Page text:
Disk Rescue Utilities
In a scene from “High Plains Drifter,” Clint Eastwood sits at a bar with a whiskey bottle in front of him and tries to discourage three gunmen from messin’ with him. In a true samurai movie moment, Eastwood quickly reaches for the bottle instead of his weapon in an attempt to show the malcontents just how fast he is, to prevent the inevitable gunplay. Eastwood’s use of alternate means was unsuccessful, but when faced with a network operating system (NOS) that won’t load, as a network guru, alternate tools can make your day.
Most systems have some redundancy or built-in recovery mechanism. In many Windows versions, pressing F8 at boot time allows you to go to safe mode, and if you installed Recovery Console in 2000 server, it permits you to change drivers and copy or replace other files. New to Server 2003 is the ability to attempt operational return via ASR (Automated System Recovery), but you have to prepare the backup file of system state, system services and disk information in advance.
If you had the foresight to prepare in advance, another good choice for Windows is Symantec’s V2i Protector 2.0., in versions for servers and workstations. In my hands, it was at least four to five times faster than the most recent version of DriveImage. There is a management console for both versions, so V2i may be deployed enterprise-wide.
At workstations, you have the option of using Norton SystemWorks 2004 (www.symantec.com), whose CD can boot to a limited Windows 9x environment, enough to permit running some of the Norton tools. Though not designated as working on servers, I was able to load OnTrack’s Easy Recovery Professional, available as a download (www.ontrack.com), at a Windows 2000 server, recover deleted files and attempt a format recovery.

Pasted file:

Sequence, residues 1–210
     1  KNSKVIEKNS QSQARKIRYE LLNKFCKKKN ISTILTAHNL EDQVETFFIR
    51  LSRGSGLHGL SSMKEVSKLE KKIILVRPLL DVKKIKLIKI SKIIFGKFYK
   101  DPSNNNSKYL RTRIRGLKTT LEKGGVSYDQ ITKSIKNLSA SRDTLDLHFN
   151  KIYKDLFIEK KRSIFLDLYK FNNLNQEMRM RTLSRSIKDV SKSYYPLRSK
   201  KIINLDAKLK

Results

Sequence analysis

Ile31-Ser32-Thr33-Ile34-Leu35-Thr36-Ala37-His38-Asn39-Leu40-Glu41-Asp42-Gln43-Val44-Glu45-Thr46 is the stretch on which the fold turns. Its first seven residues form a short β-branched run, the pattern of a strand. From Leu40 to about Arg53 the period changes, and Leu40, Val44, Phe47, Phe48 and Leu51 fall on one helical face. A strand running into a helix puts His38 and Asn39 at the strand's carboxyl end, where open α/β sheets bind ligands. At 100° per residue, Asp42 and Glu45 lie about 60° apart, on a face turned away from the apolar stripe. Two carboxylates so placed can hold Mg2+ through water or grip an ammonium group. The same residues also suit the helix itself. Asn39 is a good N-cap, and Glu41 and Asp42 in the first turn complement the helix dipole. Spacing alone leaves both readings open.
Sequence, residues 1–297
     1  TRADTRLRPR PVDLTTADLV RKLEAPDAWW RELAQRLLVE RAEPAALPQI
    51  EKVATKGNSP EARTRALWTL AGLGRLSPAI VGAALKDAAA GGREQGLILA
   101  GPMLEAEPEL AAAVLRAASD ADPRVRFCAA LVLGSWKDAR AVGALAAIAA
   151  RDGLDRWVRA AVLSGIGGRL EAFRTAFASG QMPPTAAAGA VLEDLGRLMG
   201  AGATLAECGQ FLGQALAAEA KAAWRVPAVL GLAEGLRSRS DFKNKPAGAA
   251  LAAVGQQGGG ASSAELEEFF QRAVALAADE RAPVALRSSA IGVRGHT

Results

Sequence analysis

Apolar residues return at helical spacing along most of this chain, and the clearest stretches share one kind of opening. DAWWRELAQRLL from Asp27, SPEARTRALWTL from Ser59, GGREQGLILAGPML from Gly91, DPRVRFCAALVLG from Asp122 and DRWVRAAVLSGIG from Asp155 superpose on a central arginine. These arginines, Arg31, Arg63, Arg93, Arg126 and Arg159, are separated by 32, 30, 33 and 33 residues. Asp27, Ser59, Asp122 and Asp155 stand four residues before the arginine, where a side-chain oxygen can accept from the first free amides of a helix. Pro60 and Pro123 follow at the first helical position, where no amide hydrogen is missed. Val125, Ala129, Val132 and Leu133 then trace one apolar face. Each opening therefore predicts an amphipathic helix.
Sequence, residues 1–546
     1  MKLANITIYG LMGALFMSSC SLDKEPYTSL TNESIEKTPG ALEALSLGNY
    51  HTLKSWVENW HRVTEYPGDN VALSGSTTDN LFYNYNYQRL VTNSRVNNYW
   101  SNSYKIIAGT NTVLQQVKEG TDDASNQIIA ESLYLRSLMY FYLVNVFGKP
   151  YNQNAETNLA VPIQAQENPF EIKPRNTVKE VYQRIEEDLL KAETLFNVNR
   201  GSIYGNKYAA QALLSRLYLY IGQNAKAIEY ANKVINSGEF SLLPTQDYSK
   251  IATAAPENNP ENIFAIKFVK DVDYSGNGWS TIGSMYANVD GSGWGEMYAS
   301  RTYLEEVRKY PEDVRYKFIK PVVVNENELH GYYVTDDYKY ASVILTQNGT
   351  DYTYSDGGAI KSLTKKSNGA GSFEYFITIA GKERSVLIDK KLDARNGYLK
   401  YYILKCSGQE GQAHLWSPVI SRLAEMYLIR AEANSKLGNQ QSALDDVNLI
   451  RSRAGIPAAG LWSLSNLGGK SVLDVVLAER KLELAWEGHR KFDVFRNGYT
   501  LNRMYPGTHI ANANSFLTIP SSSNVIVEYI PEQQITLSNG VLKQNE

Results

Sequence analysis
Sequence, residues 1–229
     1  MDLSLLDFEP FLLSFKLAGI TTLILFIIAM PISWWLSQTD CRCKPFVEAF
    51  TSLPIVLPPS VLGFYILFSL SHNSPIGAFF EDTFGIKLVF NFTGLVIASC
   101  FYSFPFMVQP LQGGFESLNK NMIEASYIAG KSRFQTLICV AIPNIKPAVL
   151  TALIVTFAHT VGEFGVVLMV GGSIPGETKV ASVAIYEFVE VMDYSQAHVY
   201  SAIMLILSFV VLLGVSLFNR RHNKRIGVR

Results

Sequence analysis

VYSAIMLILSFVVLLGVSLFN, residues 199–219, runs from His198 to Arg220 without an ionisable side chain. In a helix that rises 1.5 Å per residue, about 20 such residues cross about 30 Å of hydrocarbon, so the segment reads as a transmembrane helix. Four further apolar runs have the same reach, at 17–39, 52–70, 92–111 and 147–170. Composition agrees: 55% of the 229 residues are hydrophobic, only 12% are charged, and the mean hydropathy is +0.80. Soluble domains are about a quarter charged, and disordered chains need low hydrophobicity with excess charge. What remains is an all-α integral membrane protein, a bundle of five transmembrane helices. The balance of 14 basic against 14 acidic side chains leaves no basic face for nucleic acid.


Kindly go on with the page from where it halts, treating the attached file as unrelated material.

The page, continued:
OnTrack also makes Data Recovery for NetWare, which offers several enhancements over vRepair. Portlock Storage Manager (www.portlock.com) is a set of disk management tools for both Linux (beta) and NetWare. Storage Manager creates images for bare-metal restore, including across-the-wire recovery, and includes the ability to resize traditional and NSS volumes and partitions. Storage Manager includes limited repair ability. Portlock Central, under development, is designed for remote management of Storage Manager under a GUI of Windows, Linux or Novell servers.
The best set of Windows recovery utilities is offered by Winternals’ (www.winternals.com) Administra-tor’s Pak 4.1. The primary tool, ERD Commander 2003 (see Figure 1), prepares a bootable CD with options to add NIC and disk drivers. Included in the image are Locksmith, to change the local administrator password; FileRestore, to recover deleted files; Disk Commander, to repair damaged partition tables or retrieve data from dead volumes; RegEdit, to import and export registry files; System Compare, to examine differences between a similar bootable system and one that is not; and other useful Windows-like functionality. To access NTFS volumes from a DOS prompt, use NTFSDOS Professional, created via a boot wizard. You may image your volumes off-line with third-party tools or attempt repair by replacing system files. Remote Recover mounts a remote client’s volumes to your host via a client or PXE image so that all your host utilities can be used on the remote machine.
Douglas Mechaber is a network engineer and architect who enjoys finding new ways to make his work easier. Douglas has written for various industry magazines and remains active in several local user groups. He now works as an independent consultant. Send him the names of your favorite utilities at firstname.lastname@example.org.